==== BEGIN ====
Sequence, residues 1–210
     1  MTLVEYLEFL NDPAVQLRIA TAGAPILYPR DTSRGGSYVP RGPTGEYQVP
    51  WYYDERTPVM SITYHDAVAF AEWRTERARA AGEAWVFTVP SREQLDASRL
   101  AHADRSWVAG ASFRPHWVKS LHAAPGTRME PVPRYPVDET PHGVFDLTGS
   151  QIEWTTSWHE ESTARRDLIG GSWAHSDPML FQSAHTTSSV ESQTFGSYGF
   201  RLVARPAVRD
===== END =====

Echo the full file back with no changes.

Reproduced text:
Sequence, residues 1–210
     1  MTLVEYLEFL NDPAVQLRIA TAGAPILYPR DTSRGGSYVP RGPTGEYQVP
    51  WYYDERTPVM SITYHDAVAF AEWRTERARA AGEAWVFTVP SREQLDASRL
   101  AHADRSWVAG ASFRPHWVKS LHAAPGTRME PVPRYPVDET PHGVFDLTGS
   151  QIEWTTSWHE ESTARRDLIG GSWAHSDPML FQSAHTTSSV ESQTFGSYGF
   201  RLVARPAVRD